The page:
The Daughters 

An excerpt from a novel by Adrienne Celt

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Author interview with Adrienne Celt

Adrienne Celt is Pima County Library's writer in residence, part of a new statewide project dispatching writers to libraries throughout the state. Her debut novel, The Daughters, was released in paperback last month (W.W. Norton/Liveright 2015); and won the 2015 PEN Southwest Book Award and named a Best Book of the Year by NPR. On Tuesdays and Fridays, you can usually find her at the Downtown and Himmel Park library branches eager to talk to writers of all ages. For more details about her work, visit her website adriennecelt.com.

Where can we find you at the library being a writer in residence?

I'm there twice a week, usually at the Downtown branch on Tuesdays and the Himmel Park branch on Fridays. I've done workshops, and we are coming on to the third one on finding the familiar in fiction. I work with different age groups, but mostly adults. Right now I have a dedicated regular who is working on her book. I was hoping there would be more teens, but not so far.

How is seeing your first book go paperback?

Exciting and gratifying and extremely crazy-making. It's as if all your dreams are coming true. There's also a lot of anxiety. It's surprisingly a vulnerable process. I'd published short fiction widely before the novel. With short fiction, you know who your audience is, but with a novel you put your heart into it and people are either going to love or hate it.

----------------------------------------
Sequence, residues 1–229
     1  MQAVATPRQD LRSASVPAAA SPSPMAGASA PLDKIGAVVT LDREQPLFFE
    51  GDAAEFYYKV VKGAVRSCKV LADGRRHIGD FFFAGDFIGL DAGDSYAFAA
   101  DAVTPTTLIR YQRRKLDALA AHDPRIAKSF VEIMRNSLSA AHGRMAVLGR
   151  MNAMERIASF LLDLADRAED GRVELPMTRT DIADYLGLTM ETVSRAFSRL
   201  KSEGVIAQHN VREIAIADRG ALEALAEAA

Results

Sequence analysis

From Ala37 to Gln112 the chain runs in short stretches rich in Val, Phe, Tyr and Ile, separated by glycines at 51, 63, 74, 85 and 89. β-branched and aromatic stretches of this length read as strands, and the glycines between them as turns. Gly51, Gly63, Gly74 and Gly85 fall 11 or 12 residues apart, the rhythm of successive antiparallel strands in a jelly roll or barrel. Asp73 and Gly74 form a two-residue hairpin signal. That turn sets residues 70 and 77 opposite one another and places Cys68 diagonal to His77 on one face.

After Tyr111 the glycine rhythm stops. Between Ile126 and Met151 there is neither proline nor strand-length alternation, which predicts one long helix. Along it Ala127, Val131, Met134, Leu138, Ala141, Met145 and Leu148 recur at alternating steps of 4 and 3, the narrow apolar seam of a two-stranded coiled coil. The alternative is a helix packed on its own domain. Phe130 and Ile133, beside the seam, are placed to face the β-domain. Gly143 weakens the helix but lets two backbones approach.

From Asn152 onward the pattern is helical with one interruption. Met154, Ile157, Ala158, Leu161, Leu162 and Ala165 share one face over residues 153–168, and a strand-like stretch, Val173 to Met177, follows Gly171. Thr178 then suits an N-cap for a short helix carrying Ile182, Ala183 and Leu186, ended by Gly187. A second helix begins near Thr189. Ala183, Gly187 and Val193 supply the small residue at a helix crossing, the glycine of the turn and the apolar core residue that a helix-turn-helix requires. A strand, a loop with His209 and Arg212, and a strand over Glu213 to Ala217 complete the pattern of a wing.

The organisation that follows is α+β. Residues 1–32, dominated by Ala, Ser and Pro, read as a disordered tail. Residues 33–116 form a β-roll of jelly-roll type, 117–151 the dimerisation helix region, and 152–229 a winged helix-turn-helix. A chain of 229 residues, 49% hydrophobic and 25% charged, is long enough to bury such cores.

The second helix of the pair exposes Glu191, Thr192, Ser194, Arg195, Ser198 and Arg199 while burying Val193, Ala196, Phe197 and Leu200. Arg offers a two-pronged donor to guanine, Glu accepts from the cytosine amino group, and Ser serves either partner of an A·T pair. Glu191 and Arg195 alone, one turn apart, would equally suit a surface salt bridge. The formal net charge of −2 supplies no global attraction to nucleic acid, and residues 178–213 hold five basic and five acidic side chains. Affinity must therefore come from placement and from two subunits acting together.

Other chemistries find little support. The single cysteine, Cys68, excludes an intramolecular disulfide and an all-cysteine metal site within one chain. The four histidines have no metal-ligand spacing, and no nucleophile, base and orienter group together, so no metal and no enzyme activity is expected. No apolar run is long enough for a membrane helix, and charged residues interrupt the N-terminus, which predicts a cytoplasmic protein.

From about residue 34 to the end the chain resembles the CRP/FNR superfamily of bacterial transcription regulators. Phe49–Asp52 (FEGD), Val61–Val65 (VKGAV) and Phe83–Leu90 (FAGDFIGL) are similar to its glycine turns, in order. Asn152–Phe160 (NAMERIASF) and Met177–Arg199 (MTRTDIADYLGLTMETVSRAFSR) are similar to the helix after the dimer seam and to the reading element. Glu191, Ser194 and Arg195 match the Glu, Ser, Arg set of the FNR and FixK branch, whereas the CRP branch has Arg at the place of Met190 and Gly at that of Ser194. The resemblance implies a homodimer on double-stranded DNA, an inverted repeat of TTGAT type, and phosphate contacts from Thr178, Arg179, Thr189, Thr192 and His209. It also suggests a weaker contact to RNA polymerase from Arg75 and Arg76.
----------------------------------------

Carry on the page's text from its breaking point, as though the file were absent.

Being a writer can be a lonely process. It must be nice getting out as a writer in residence to meet with people?

Absolutely. I love the office hours aspect. It has been so meaningful to me to have very intimate conversations with people and see the passion people bring to writing for professional or personal enrichment. It's wonderful to just see how much talent and passion is in the community.

How long have you lived in Tucson?

Three years. I went to grad school in Phoenix at ASU. We were with our in-laws in Wisconsin for three months, but Tucson was always the place we came to escape when we lived in Phoenix. We bought a house and now a horse, so this is now home.

A horse?

Yes, impulse-purchased a horse. It's not as bad as it sounds. I'm taking lessons at this particular ranch.

What do you love most about the Pima County Public Library?

It's a well oiled machine full of books and people who love books. What could be better? They give you all the books you want, for free! If they don't have one, they'll borrow it from somewhere else, or buy it just to please you! Libraries are the greatest, most civilized gift society gives itself. It astounds me when people aren't obsessed with the library.